Conceiving through IVF is a long, expensive, and unpredictable process. That’s probably why only 5% of couples who struggle with fertility turn to it. However, it’s a safe procedure that (eventually) has a great success rate.
It’s jarring to think that IVF was in its infancy 40 or so years ago. People didn’t know what it was and referred to babies born thanks to IVF as “test-tube babies.” In reality, IVF is the best thing the 20th century brought to couples who had trouble conceiving.
Today, infertility treatment, fertility medication, and the entire relevant field of medicine have advanced so far that in-vitro fertilization IVF is just another way to conceive.
A Walk Down Memory Lane — Brief History of IVF
IVF saw its beginnings in the late ‘70s and early ‘80s. Back then, it was a pioneering procedure. Not everyone thought so, though. The technique (and its trailblazers, Robert Edwards and Patrick Steptoe) had a long way to go to become the number one fertility treatment it is today.
Although it raised quite a few ethical concerns, IVF both started and revolutionized the assisted reproductive technology (ART). Developed in Sweden, for a few short years in the ‘80s, it was only available there. During those years, it was perfected and made more accessible.
The vaginal ultrasound was the real gamechanger when it came to making the entire IVF process simpler. It facilitated the monitoring of hormone levels and ovaries during the process of hormonal stimulation and, of course, egg removal.
What Is IVF?
When it comes to how IVF works, the process is anything but simple. The end result, however, is more than worth it.
In-vitro fertilization means fertilizing the egg outside of the human body. It’s a long, tedious process that involves both fertility drugs and surgical procedures to work.
It is, in simple terms, a process of removing the eggs, taking the sperm, and combining them in laboratories in fertility clinics. This process ensures that the eggs and sperm actually do their thing — fertilization.
Two to six days after the successful fertilization, the embryos (fertilized eggs) are implanted back into the female body. The procedure generally involves implanting more than one embryo to increase the chances of a successful pregnancy. The more embryos, the bigger the chance of one (or more) or them implanting into the uterus’s lining. That’s why IVF often results in twins.
The entire process of IVF has several steps, and it can last for months:
- Ovarian stimulation with fertility drugs that matures the eggs
- Monitoring hormonal levels and egg maturity
- Hormone injection to mature the eggs two days before extracting them
- Egg retrieval (See the whole process of egg retrieval)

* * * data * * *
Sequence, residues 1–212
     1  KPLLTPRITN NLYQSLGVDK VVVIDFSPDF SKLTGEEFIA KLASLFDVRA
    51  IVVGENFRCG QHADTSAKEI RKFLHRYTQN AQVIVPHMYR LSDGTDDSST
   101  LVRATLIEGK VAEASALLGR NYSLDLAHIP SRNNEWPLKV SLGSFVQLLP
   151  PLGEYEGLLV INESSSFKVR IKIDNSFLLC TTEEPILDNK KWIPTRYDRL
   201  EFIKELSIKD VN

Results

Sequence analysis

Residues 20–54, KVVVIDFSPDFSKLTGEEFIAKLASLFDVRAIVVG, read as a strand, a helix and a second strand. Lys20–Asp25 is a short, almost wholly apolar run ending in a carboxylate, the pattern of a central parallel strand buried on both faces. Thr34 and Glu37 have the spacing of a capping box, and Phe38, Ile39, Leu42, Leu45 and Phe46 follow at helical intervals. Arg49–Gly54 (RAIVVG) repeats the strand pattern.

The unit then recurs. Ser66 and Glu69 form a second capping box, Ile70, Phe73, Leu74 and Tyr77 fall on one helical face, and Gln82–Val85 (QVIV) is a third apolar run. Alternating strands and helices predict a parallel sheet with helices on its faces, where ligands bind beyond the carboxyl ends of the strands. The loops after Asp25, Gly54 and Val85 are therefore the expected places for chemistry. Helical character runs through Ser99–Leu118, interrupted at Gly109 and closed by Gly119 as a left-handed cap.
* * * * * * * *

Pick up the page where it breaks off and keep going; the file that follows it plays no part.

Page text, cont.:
- Sperm Collection
- Egg fertilization
- Transfer of freshly fertilized eggs directly into the uterus
- Waiting (this is often the step women find the most difficult)
- Pregnancy test
Who Are the Best Candidates for IVF?
Fertility struggles have many faces and forms. Just like there’s no poster child for fertility issues, there’s no one ideal profile of candidates for IVF. However, some people may have a more significant chance of conceiving through IVF than others.
Typically, people who’ve had trouble conceiving for longer than a year start considering IVF as an option. Furthermore, women with PCOS or endometriosis and men with low sperm count or sperm motility are advised to look into it.
Aside from that, the best candidates for IVF are women who:
- Haven’t experienced miscarriages
- Are in their 20s or early 30s
- Have a high ovarian reserve (number of eggs left in the ovaries)
- Have healthy fallopian tubes
- Are generally of good health
Unfortunately, a history of previous miscarriages carries an increased risk of the embryos not implanting into the uterus’ lining.
Are There Any Risks or Side-Effects to IVF?
IVF medication and the procedure itself have a few side-effects that aren’t severe but can be quite uncomfortable. Bloating, cramping, constipation, and tenderness, as well as headaches, mood swings, and even hot flashes, are all possible side effects.
In rare cases, IVF can cause OHSS (ovarian hyperstimulation syndrome).
What’s the Success Rate?
Globally, over 8 million babies have been born thanks to IVF. What’s more, when it comes to live birth rates, IVF scores are off the charts. However, on an individual level, success rates depend on the mother’s age, causes of infertility, and both parents’ reproductive history.
Overall, around 72% of IVF implantations end successfully. Still, there is a strong chance that the first round (or a couple) doesn’t take. Only around 33% of women end up pregnant after their first IVF cycle. However, that percentage goes higher and higher the more cycles the woman does. By the eight cycle, the woman has between 54 and 77% chance of getting pregnant.
Nothing in life is guaranteed. Similarly, IVF can not guarantee you a pregnancy, nor does it have a 100% success rate. That’s one of the cons of IVF that we simply have to accept.
A Few Parting Words
Although conception often comes naturally to many couples, others simply aren’t as lucky. Due to various causes, some couples may never conceive in the natural way, which is why they seek fertility treatments. IVF, as the ultimate fertility treatment, is often the last resort for these couples.
Complicated, tedious, and expensive, IVF is more than worth it. What’s more, it’s an overall safe procedure, with very few side effects.